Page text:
Menobrain symptoms can disrupt your run training and take away the joy of being active. The good news is Nutrition and lifestyle can help to minimise Menobrain symptoms. Join us today and we’ll share some nutritional strategies to support you.
Negative peri menopausal or menopausal symptoms have the potential to disrupt your run training and your energy, recovery and motivation.
When we say menobrain we are talking about a collection of medically recognised cognitive symptoms.
These symptoms are commonly experienced during the menopause transition … and can severely affect your quality of life. Mind and mood symptoms are commonly experienced by women going through the menopause transition.
Definition of Menopause brainfog.
Women may say:
- They are losing their mind
- They can’t remember or recall things – like names, words, numbers or work information
- They lose their chain of thought
- They feel forgetful, they forget appointments or events or why they’ve gone into a room!
- They talk about fogginess, lack of concentration or focus
- Women make jokes … oh it’s just my menobrain!
Often women who have always felt they have a balanced mind/mood suddenly feel “different”, and during peri menopause start to experience low mood, which may feel as severe as depression and one aspect of this is brain fogginess/forgetfulness and lack of focus and concentration.
The connection between sex hormonal fluctuations and neurotransmitters
Oestrogen has an important role in brain function. It’s a growth promoting hormone and can promote the growth of nerve cells in the brain and can stimulate neurotransmitter pathways. Progesterone is also involved in serotonin and GABA pathways.
Key brain neurotransmitters are serotonin (the ‘feel-good’ neurotransmitter), GABA (the ‘calming’ neurotransmitter) and dopamine (the ‘pleasure’ neurotransmitter), all of which have vital roles to play in supporting balanced mood.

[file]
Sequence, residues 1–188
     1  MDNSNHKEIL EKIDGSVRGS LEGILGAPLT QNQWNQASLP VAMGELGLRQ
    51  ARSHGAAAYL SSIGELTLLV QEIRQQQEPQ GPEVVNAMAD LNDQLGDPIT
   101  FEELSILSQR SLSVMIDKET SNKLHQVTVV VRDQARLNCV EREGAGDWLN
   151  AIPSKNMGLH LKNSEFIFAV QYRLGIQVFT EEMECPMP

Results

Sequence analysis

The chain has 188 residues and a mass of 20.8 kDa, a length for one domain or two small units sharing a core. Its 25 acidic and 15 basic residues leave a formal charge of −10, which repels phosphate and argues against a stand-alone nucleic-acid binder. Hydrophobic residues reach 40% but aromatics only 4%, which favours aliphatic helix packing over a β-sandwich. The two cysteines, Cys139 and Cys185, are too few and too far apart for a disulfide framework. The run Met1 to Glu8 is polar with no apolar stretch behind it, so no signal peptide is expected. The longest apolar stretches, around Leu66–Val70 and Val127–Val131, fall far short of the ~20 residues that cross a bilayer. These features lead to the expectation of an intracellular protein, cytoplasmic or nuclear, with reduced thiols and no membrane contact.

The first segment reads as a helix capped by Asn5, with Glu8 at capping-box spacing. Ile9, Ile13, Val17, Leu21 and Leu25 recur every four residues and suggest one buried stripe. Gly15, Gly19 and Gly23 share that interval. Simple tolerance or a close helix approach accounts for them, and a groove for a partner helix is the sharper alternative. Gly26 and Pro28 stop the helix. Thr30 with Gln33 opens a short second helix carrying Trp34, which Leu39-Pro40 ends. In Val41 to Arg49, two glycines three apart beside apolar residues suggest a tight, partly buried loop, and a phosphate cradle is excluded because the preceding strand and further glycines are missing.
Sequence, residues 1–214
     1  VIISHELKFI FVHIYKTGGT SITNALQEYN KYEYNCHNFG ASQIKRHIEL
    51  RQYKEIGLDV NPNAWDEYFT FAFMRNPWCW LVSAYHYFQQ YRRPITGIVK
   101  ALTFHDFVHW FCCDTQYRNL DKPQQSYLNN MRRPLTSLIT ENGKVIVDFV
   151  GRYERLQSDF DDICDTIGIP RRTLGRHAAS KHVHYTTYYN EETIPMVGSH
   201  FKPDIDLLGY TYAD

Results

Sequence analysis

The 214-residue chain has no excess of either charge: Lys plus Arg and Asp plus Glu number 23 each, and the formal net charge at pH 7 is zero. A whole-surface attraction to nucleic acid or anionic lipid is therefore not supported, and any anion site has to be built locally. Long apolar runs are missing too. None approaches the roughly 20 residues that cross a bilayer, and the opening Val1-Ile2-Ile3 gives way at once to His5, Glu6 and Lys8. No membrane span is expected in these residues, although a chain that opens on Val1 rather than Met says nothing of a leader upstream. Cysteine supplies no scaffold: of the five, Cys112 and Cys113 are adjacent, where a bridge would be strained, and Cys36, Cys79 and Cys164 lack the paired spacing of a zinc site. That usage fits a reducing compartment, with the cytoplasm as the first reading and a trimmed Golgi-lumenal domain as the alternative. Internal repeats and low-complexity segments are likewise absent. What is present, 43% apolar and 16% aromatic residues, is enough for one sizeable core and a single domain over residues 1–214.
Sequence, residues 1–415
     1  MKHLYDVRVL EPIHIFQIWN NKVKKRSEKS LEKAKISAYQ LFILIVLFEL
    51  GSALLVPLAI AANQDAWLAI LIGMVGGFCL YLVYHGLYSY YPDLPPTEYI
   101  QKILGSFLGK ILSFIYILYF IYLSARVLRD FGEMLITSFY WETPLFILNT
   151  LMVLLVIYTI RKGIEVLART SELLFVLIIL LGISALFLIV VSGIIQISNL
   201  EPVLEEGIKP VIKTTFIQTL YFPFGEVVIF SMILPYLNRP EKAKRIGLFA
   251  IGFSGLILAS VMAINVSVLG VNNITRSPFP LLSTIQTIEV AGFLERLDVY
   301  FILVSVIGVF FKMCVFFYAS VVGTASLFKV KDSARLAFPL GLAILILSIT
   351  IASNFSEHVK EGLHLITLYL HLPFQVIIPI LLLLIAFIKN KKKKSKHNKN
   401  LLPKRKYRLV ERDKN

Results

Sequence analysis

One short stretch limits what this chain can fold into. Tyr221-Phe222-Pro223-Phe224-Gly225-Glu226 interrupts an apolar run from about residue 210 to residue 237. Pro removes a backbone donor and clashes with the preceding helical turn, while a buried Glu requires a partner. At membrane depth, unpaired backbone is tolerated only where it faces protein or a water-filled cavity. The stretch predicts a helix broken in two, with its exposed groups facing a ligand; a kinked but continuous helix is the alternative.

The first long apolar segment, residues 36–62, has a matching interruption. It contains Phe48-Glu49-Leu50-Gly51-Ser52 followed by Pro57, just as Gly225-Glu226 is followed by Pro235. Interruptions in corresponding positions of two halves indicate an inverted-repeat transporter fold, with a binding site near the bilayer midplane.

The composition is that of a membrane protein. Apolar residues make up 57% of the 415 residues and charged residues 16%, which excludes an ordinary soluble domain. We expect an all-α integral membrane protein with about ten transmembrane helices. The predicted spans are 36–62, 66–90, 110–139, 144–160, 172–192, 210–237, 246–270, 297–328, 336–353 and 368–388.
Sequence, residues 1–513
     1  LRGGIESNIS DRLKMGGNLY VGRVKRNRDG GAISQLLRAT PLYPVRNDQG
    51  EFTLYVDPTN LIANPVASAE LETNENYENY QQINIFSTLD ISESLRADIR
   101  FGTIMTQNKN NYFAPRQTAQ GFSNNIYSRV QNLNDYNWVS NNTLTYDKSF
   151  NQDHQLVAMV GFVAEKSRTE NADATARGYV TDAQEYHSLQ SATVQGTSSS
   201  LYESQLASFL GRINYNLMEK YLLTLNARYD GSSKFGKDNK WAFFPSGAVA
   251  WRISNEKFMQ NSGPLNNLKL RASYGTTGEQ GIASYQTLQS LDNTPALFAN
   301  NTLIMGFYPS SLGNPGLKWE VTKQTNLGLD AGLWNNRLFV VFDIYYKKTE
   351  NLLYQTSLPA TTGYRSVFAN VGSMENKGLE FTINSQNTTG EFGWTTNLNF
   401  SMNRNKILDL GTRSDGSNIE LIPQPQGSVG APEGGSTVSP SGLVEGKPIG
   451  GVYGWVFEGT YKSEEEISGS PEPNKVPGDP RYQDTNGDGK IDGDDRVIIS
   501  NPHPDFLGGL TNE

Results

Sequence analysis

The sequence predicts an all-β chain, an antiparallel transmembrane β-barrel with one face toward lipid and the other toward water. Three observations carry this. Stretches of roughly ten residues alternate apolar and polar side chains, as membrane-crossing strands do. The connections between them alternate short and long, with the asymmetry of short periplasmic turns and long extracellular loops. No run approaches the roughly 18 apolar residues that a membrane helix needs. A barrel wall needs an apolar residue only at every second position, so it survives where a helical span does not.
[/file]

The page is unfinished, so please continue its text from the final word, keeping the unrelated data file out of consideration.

Aileen’s personal experience of menobrain symptoms and how she approached investigating underlying imbalances and corrected nutritional deficiencies.
Three Key Nutrients to support cognition and help alleviate symptoms.
Magnesium can support calming of the nervous system and supporting the GABA system which has a calming role. Low level anxiety can accompany foggy brain symptoms just because we are worrying about why it’s happening. Magnesium glycinate includes the amino acid glycine which readily crosses the blood brain barrier and has a calming effect on the brain. Some studies have shown improvements in sleep following glycine supplementation – this is helpful as sleep may often be impacted during the menopausal transition and taking steps to improve sleep has the potential to positively influence mood and anxiety. Magnesium tends to be depleted when we are stressed so topping up to optimal levels is important.
Vitamin B6 (in the active supplement form of pyridoxal-5-phosphate)
All of the B vitamins are important to support energy and the nervous system however vitamin B6 has an important role to play in supporting production of both GABA and serotonin. Ideally take Vitamin B6 supplements in the active supplement form of pyridoxal-5-phosphate – check labels before you buy.
Folate is the natural form of B9 which you get from food/supplements and the digestive system converts it into active B9 (5- MTFH). We’d suggest if you are supplementing you buy it in the 5-MTHF format for maximum bio availability. Many studies have found an association between low serum folate and the incidence of depression.
What can lead to nutrient deficiencies – it’s not your fault!
Taking a multi-factorial approach to hormonal balance during the menopause transition.
Some modifiable lifestyle factors supportive of cognitive health and wider health benefits include:
· Healthy body composition
· Exercising for 150 minutes per week at a moderate-intensity aerobic activity – so easy running would be ideal
· Avoiding excessive alcohol intake
· Not smoking
· Having a healthy BP of 120/80
· Healthy Everyday Food Plan
A key message is that “heart health = brain health”. Look after your cardiovascular health and it’ll help lower the dementia risk.
One Key Action Point
If you are experiencing cognition symptoms which are disrupting your quality of life, don’t put up with those symptoms, consult with your medical practitioner or nutritional therapist, and if possible, get some basic tests done to identify nutritional deficiencies and then take supplement advice to correct them.
If you’d like professional nutritional support, please book a free work with us call and we can suggest the best way to work with us.
Download our FREE E book TOP Running Snacks and Nutrient Timing to Fuel Peak Performance
The suggestions we make during this episode are for guidance and advice only, and are not a substitute for medical advice or treatment. If you have any concerns regarding your health, please contact your healthcare professional for advice as soon as possible.
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Best Wishes and Happy Running!
Karen and Aileen